In the late 19th century CE, archaeologists discovered an ancient deposit (intended for garbage) of tens of thousands of papyri fragments located at the ancient Greek colony of Oxyrhynchus, Egypt. Among the manuscripts found were the Iliad and Odyssey. These copies date to as early as the 3rd century BCE and are consistent (with the exception of orthography) with the 10th century CE Venetus A (oldest fully extant manuscript of the Iliad) and the Laurentianus (oldest fully extant manuscript of the Odyssey); which provide the translations we read today. The Oxyrhynchus fragments are the oldest surviving copy.
Papyrus Oxyrhynchus 21: The Iliad II:745-764. Author’s image. Courtesy of the Oriental Institute of the University of Chicago. ]
So, what about the gap between the 8th and 6th centuries BCE? It is this author’s opinion that these stories were preserved in art and manufactured goods (see below) instead of being written down and the multiple traditions or variations were sung by one or more bards trained in the Homeric tradition until the mid-to-late 6th century BCE canonization. Evidence for these variants stem from the black and red figure art painted and preserved on Greek vases. For instance, one such varied scene can be found on the so-called François Vase, which is an elaborate Athenian basin painted by Kleitias about 575 BCE and it shows the funeral games of Patroclus. Of the five charioteers named, only Diomedes coincides with the Iliad’s competitors in the race (Finley, 28). This confirms Cicero’s initial claim that variations of the epics did exist.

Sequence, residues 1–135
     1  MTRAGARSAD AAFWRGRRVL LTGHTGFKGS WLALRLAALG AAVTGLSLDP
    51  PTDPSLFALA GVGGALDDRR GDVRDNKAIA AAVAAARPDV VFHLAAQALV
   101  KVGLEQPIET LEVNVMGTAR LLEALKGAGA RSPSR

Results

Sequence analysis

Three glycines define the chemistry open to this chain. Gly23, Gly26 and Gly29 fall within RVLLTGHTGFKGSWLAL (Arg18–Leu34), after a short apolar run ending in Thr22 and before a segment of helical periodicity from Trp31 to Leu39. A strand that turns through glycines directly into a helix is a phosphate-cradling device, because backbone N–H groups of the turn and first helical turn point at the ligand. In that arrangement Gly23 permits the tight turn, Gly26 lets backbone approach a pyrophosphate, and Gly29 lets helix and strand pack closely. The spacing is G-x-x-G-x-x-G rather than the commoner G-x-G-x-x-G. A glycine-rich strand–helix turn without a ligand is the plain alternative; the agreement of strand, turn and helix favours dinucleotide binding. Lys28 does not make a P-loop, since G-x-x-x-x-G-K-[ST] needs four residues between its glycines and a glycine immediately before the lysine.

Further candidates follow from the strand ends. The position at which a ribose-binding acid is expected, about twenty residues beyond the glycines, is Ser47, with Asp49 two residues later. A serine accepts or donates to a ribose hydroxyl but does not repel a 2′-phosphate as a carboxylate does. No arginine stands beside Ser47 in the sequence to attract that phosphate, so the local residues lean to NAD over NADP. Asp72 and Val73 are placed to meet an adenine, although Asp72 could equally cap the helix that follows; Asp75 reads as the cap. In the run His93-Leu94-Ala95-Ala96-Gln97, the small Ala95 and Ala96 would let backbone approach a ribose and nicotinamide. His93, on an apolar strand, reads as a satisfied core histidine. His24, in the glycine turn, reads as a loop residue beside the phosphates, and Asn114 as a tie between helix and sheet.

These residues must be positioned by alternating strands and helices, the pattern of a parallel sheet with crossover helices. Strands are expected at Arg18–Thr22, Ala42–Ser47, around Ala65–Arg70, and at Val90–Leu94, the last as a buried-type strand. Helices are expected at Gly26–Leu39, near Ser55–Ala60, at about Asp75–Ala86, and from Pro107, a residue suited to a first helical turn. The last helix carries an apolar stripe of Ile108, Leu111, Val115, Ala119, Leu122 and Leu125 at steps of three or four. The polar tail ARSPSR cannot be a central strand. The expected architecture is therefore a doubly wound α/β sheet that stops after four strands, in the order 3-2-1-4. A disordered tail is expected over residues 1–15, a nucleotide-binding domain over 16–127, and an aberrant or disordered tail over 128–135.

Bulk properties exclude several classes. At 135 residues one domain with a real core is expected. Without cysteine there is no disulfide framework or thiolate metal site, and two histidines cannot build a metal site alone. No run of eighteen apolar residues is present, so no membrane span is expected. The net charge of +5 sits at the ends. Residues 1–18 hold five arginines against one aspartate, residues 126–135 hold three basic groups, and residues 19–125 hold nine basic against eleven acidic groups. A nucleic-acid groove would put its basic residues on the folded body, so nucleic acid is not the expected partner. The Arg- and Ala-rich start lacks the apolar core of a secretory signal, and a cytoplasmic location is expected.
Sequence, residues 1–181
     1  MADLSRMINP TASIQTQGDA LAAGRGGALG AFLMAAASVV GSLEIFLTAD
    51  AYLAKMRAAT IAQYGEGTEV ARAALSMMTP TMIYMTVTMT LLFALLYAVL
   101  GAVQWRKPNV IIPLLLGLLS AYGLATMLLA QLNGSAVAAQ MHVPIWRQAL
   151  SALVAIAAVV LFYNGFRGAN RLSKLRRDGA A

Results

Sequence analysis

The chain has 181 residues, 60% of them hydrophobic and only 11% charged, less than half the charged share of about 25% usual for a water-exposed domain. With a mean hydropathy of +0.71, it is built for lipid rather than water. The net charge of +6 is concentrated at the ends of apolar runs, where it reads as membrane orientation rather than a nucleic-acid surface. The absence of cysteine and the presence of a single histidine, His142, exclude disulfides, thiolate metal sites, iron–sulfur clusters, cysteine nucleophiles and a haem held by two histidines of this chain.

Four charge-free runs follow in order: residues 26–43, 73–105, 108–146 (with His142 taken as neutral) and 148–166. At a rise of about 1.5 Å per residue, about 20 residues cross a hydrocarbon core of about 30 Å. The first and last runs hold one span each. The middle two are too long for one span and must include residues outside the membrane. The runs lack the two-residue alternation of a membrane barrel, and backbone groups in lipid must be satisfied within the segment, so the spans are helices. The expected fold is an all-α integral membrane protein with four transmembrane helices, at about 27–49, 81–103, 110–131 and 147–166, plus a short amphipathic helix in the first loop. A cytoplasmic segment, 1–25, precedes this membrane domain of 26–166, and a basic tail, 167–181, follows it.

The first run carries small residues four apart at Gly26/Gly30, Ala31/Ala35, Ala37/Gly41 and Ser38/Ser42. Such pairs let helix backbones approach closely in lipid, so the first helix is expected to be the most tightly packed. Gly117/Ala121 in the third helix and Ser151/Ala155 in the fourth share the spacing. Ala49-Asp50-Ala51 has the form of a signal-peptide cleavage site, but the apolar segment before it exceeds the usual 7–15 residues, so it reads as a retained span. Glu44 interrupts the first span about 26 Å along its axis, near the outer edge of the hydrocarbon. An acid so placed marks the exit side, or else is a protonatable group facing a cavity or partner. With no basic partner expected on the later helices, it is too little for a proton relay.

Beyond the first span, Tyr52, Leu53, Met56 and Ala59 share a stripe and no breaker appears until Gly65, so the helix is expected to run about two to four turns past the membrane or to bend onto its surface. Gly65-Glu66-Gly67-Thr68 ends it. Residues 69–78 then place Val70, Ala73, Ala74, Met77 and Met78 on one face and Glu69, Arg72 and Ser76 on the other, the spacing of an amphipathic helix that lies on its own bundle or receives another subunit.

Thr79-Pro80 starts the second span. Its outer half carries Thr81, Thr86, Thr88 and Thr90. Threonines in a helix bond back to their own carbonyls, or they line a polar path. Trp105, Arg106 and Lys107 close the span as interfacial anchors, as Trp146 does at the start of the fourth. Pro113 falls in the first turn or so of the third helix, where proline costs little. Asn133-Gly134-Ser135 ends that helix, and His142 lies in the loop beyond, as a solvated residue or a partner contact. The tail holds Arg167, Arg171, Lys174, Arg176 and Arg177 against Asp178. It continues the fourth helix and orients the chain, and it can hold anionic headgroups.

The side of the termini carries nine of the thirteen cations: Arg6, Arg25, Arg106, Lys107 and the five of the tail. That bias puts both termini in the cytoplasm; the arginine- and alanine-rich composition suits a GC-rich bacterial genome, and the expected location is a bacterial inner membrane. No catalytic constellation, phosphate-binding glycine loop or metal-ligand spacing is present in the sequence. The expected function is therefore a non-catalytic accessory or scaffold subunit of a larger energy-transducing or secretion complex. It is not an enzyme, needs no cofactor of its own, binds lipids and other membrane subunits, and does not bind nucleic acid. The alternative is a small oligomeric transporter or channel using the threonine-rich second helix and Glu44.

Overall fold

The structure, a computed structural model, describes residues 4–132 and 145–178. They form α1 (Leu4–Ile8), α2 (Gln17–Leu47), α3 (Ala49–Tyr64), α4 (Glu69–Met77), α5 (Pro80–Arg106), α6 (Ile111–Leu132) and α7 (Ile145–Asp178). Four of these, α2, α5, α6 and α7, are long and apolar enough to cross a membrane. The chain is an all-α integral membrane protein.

François Vase (c 570 BC). Source: Wikimedia
As mentioned above, it is highly unlikely that the Iliad and Odyssey, in their completed and continuously evolving and varied forms, would be written down as soon as the Greek alphabet is adopted and used. Although, it wouldn’t be too unrealistic for individuals to be inspired enough to manufacturer products that contains references to these epics, as is the case with the Cup of Nestor, found on the Greek colonized site of Pithekoussai on the Italian island of Ischia. The major events of these epics would be preserved in the figure art of Greek vases as they are orally retold by the traveling bards until one day, when it is commissioned to consolidate and write these epics down.
Featured image: Ulysses at the court of Alcinous. Artist: Francesco Hayez (1791-1882). Source: Wikimedia
Burkert, Walter. The Orientalizing Revolution: Near Eastern Influence on Greek Culture in the Early Archaic Age. Cambridge: Harvard UP, 1995. [Print]
Bryce, Trevor. The Trojans and Their Neighbors. New York: Routledge, 2006. [Print]
Chadwick, John. The Decipherment of Linear B. New York: Cambridge UP, 1958. [Print]
Finley, M.I. The World of Odysseus. New York: New York Review, 2002. [Print]
Nagy, Gregory. "Is Homer Historical? An Archaeology Odyssey Interview." Interview by Jack Meinhardt. Archaeology Odyssey May/Jun. 2004: 26+. [Print]
Payne, Annick. Iron Age Hieroglyphic Luwian Inscriptions. Atlanta: Society of Biblical Literature, 2012. [Print]
Wikipedia, 2014. The Cup of Nestor . [Online]
[Accessed 4 May 2014]